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Douglas MacKintosh Obituary

Douglas MacKintosh

Douglas MacKintosh MBE, Newtonmore. Master decorator, shinty player and administrator. 30th Aug 1930 -10th Jan 2017, aged 86.

Douglas MacKintosh, or “Dougie Dhai” as he was almost universally known in the shinty world, gave outstanding service to the administration of the sport which is such a central element in the culture of the Gaelic-related population of Scotland and in particular his home area of Newtonmore.

His first memory of shinty, he recalled himself, was the purchase of a new caman for his ninth birthday in Inverness for the hefty sum in the late 1930s of twelve shillings and sixpence.

After a relatively late start in 1947 due to his National Service in the Camerons, Douglas had a reasonably successful playing career in the game culminating in a Camanachd Cup Winner’s medal in 1958, but cut short by injury thereafter. In his native village, he served for 12 years as a Committee Member of Newtonmore Camanachd Club and as Secretary and eventually Chieftain, the principal office from 1972 to 1975. He first entered the Executive Council of the Camanachd Association, the ruling body of shinty, in the 1970s and he was a central figure in what was arguably the most significant decade in the sport in the 20th century, serving for more than 30 years.

A member of the newly-founded Shinty Yearbook committee in the early 1970s he was closely involved in every key development of the time, some truly ground-breaking such as the Shinty Forum (1974), the initial forays into major sponsorship deals, the Referees’ Association as Founding President in 1974 and the Aviemore Indoor Tournament of which he was the principal architect and Chairman for 20 years (1978-1998). He served as Referees’ Convener after 1981 and then as President of the Camanachd Association from 1985 to 1990. He was thereafter Vice-Chief and became Chief in 2000, the 'elder statesman' Honorary office in the game.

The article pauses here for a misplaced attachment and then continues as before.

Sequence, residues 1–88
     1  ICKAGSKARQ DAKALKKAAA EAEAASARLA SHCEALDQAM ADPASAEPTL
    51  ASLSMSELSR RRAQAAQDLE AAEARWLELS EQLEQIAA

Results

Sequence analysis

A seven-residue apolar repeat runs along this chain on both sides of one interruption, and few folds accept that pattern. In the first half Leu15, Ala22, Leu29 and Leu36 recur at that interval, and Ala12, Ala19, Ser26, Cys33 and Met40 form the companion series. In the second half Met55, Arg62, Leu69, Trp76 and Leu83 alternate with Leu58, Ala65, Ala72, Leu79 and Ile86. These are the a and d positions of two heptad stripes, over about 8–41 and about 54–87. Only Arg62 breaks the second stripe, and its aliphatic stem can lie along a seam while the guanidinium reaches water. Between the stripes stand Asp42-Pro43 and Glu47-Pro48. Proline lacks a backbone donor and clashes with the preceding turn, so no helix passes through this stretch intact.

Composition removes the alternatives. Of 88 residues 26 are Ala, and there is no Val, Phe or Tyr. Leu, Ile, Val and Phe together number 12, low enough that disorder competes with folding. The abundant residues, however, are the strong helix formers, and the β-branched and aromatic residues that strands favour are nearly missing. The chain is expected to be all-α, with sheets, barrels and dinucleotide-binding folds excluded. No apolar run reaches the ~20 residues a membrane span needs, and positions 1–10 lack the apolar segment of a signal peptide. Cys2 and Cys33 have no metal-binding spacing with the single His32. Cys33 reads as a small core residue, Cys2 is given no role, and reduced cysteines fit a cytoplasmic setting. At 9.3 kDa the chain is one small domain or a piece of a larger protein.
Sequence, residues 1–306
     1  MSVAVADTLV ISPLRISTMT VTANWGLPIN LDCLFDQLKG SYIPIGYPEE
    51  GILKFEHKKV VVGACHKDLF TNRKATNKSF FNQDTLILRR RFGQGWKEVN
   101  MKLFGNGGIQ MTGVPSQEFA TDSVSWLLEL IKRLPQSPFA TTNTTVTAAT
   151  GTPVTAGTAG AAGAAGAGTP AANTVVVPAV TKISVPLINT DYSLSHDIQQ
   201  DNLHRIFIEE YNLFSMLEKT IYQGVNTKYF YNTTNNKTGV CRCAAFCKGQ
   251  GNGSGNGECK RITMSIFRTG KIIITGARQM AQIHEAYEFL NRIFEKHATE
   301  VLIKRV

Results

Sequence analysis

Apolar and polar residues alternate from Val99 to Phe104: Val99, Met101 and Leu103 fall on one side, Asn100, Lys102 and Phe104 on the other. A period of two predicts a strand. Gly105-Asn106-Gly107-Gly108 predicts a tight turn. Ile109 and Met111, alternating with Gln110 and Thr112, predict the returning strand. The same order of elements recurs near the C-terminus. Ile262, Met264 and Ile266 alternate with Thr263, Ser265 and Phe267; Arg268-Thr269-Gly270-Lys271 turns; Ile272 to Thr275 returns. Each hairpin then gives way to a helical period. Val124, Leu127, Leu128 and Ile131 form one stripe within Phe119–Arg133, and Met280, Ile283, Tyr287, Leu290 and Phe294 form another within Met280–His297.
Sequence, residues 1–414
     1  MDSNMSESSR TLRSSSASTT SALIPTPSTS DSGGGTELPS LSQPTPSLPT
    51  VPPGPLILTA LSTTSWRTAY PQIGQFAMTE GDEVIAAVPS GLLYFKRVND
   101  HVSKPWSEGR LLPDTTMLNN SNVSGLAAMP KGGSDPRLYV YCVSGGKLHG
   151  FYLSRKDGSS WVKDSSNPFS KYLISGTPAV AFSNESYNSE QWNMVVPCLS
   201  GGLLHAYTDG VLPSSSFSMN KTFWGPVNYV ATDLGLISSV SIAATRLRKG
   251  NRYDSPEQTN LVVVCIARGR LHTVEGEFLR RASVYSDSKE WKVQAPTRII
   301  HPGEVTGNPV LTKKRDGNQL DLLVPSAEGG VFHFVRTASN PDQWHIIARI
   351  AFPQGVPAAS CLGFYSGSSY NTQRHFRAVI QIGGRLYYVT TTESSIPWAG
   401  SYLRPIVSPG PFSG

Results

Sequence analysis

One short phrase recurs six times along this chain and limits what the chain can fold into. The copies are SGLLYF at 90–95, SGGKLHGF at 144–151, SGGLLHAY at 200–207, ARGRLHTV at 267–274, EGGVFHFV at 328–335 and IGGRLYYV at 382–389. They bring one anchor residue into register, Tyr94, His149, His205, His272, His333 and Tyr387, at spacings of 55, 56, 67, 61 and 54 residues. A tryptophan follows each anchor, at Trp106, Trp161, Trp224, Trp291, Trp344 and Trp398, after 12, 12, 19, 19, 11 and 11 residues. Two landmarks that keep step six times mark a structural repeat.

Born in Craggan and brought up in Newtonmore, Douglas exemplifies the best traditions of that community and its shinty club, claiming the most illustrious honours record in the game of shinty. He was Dux of Newtonmore School (for all that he was the only one in the class at the time, he was very proud of the fact) and an active member of Newtonmore Youth Club before his National Service in the Queen's Own Cameron Highlanders at Fort George. One his life’s great ironies and talking points was always the fact that he had come through swathes of time in the Officer’s Mess to become a life-long abstainer and a key cog in the wheels which spun shinty and the Glenmorangie company together for many happy years through his great friend Peter Cullen. Apart from a short period of employment away in Dundee where he met his wife Anne, during his apprenticeship training, he conducted his business as a master decorator in his native locality well beyond normal retirement age. He worked latterly for Sir Tommy MacPherson and was a great friend and confidant of Newtonmore legends such as Jock Paul MacKintosh, Sandy Russell, Gabie Fraser and Jack Richmond with whom he shared so much of what marks Newtonmore out as a singular community.

He served as a special constable in Highland Constabulary and was awarded the long service medal with bar for his service of 36 years.

As far as shinty is concerned, he did it all as a player, a referee and an administrator. While he would never have numbered himself amongst the playing greats of the village, he achieved all the cup-winning medals possible at both Junior and Senior level before an eminently more influential period and performance as a referee. For the Newtonmore Club he was first Secretary and, eventually, Chieftain from 1972 to 1975.